Yates and Roush team up for success

Yates and Roush team up for success

After a dismal season for both of his race teams, Robert Yates turned to an old adversary for help in the off-season. So far, the alliance is working. For the first time in eight seasons, Dale Jarrett finished outside of the top-10 in 2003. He...

After a dismal season for both of his race teams, Robert Yates turned to an old adversary for help in the off-season. So far, the alliance is working.

For the first time in eight seasons, Dale Jarrett finished outside of the top-10 in 2003. He was 26th in the championship standings - his worst finish since his rookie season in 1987. Elliott Sadler was also expected to challenge for a top-10 spot after replacing Ricky Rudd. He won the pole at Rockingham five races into the season and had a career-high nine top-10 finishes, but finished a disappointing 22nd in the final standings.

Who's strongest: Robert Yates and Jack Roush.
Photo by Eric Gilbert.
Yates and rival Ford team owner Jack Roush got together in November to talk about their engine programs. Yates boasted superior horsepower while Roush had developed tuning techniques that gave his powerplants good power with outstanding fuel mileage. The meeting of the minds was encouraged by Ford to help with the development of the new Taurus model for 2004.

"We've been taking things apart and seeing how they work and just putting the best of both together," says Roush, who claimed his first series championship last year with Matt Kenseth. "That has manifested itself in a bigger gain in our engines than I have had from one year to the next and I think than they've had, so we're way ahead of where we were last year."

The Yates teams of Dale Jarrett and Elliott Sadler already have wins in Daytona Speedweeks and are expected to challenge for the win in Sunday's Daytona 500 (12:00 noon ET on NBC). Roush driver Greg Biffle claimed the pole for the season-opening race and all five Roush teams will start in the first eight rows on Sunday.

"I think we're already seeing benefits," says Jarrett, who has three Daytona 500 wins on his resume along with the 1999 championship. "The teams are even talking and sharing information about chassis setups and what they're feeling in the car, so this may even go further than what I thought it may at the beginning."

Jarrett powered his way to a win in the Budweiser Shootout last Saturday and is happy with the engine program that the teams have developed.

Dale Jarrett and Kevin Harvick fight for the lead.
Photo by Eric Gilbert.
"I had great power, probably the best I've had here in quite a while," Jarrett admits. "There are some tuning processes that Jack and his people ran that we found. (It's) our assembly, but their tuning techniques seemed to make a real difference."

Kenseth's championship overshadowed a lackluster effort by the Ford camp in 2003. Roush drivers Kurt Busch (11th), Jeff Burton (12th), Mark Martin (17th) and Biffle (20th) were the only other Fords among the top-20 in the final standings. In contrast, there were seven Chevrolets in the top-10. The Ford camp committed to sharing resources the way the Chevy and Dodge teams have recently.

"That just goes to show you how much all of this has changed and how much Ford has to do with all of this," Jarrett says. "Here you have two people that are very skilled in their areas and are willing to say, 'OK, we can be better if we join forces and we take and put all of Fords money in one place'. Instead of going in two separate directions, we can make all of our race teams better."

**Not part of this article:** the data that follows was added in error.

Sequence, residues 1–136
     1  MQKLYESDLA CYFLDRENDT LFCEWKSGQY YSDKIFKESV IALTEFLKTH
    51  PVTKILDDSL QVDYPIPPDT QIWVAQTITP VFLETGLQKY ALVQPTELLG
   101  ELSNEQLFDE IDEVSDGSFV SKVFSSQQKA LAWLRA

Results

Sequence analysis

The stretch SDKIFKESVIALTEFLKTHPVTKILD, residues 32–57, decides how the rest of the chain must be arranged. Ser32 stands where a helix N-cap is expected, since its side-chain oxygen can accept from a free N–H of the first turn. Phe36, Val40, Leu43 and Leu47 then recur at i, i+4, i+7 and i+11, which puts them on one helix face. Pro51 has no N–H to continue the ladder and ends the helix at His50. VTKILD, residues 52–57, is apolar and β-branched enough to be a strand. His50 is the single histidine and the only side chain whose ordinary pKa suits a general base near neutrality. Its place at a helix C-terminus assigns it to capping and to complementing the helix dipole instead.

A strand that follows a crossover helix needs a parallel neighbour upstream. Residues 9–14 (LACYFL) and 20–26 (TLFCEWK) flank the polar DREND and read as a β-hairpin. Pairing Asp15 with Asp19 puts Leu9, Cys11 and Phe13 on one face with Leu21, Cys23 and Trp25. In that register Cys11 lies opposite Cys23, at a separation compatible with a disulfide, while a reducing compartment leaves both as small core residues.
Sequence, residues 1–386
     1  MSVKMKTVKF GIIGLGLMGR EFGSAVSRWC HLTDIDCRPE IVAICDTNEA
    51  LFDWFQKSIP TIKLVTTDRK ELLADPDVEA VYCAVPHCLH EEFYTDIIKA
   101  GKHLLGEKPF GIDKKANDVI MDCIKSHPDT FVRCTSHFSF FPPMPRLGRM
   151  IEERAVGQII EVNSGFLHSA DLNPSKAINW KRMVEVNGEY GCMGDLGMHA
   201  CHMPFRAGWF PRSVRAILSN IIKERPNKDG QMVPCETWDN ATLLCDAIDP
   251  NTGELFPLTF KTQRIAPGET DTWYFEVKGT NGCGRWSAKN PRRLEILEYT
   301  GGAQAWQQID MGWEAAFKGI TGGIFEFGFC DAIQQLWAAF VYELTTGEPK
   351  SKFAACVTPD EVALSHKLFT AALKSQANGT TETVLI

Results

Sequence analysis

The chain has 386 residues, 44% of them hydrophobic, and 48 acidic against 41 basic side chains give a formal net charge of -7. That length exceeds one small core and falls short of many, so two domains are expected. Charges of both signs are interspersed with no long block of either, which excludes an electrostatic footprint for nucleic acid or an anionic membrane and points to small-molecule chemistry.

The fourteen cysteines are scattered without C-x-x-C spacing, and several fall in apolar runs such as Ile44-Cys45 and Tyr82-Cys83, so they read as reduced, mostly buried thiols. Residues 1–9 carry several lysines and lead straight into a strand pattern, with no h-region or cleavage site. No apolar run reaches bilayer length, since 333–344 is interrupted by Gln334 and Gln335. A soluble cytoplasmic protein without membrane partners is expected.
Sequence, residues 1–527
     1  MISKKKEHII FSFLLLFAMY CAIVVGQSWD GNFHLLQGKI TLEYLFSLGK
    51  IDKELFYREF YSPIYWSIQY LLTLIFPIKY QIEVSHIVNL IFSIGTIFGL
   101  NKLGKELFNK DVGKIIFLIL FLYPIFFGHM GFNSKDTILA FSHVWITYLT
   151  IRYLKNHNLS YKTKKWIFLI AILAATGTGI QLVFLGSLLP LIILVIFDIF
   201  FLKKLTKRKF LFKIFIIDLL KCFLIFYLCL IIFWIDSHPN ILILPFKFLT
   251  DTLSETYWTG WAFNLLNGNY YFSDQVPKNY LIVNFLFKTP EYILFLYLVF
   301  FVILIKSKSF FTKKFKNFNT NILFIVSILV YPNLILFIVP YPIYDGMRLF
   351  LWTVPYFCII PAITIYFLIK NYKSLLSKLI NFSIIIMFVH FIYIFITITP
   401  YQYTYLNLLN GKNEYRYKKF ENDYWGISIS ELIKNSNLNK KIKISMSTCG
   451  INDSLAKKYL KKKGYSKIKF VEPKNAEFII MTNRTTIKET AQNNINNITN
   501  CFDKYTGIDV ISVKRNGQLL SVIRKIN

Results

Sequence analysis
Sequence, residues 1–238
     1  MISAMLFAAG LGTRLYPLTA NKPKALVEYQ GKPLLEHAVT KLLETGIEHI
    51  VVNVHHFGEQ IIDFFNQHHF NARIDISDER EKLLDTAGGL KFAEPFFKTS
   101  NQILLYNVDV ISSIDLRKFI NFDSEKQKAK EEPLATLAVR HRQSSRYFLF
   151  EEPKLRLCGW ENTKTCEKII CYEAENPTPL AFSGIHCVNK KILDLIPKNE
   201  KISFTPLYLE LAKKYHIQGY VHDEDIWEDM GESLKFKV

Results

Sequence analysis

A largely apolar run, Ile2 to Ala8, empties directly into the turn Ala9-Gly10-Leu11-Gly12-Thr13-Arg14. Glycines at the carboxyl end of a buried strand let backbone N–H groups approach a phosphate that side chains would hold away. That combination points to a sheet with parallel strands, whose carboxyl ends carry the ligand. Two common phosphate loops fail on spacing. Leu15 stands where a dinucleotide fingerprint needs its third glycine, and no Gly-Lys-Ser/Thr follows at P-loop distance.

Yates and Roush both entered the sport as team owners in the late 1980's and have combined for 120 wins in the sport's top series. They have always had mutual respect for each other, but competed for manufacturer resources from Ford and were adversaries at the track.

"It was kind of a sibling rivalry thing that Ford saw was a problem," Roush says. "We were struggling and competing for the same bit of support that Ford would give somebody. We wanted to have as much of it as we could and we competed on the racetracks because we had very similar hardware. If they invested money on a development program with Robert, they wouldn't share it with me and if they invested with me, I insisted they wouldn't give it to Robert."

Roush says the one-team effort that Dodge brought with their return to the sport three years ago was an eye-opener for the other manufacturers.

Ricky Rudd, Mark Martin and Matt Kenseth.
Photo by Eric Gilbert.
"With looking at what Dodge is doing and looking at the way the Chevrolet programs work and what the other manufacturers coming are going to do by reputation and the plans they've made, it was clear the way Robert and I had been conducting our affairs was not going to work. Ford said, 'Why don't you guys cooperate?' Our race teams are going to run closer together than they could have otherwise."

Jarrett had initial concerns about the benefits of the two teams working together but was quickly won over by the benefits of getting two of the brightest mind in the sport working for a common goal.

"I've said this for years that our business is no different than anything else - it's about people," Jarrett says. "You can try to make combinations work as much as you want, but when you get the right people together - when you have confidence in each other, it goes beyond that. The working relationships that we have together are really what makes all of this possible and really makes it click. If you don't have that then you're not going to have much of a chance at winning on a consistent basis."

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Series NASCAR Cup
Drivers Jeff Burton , Dale Jarrett , Matt Kenseth , Kevin Harvick , Greg Biffle , Kurt Busch , Jack Roush , Robert Yates , Eric Gilbert , Elliott Sadler , Mark Martin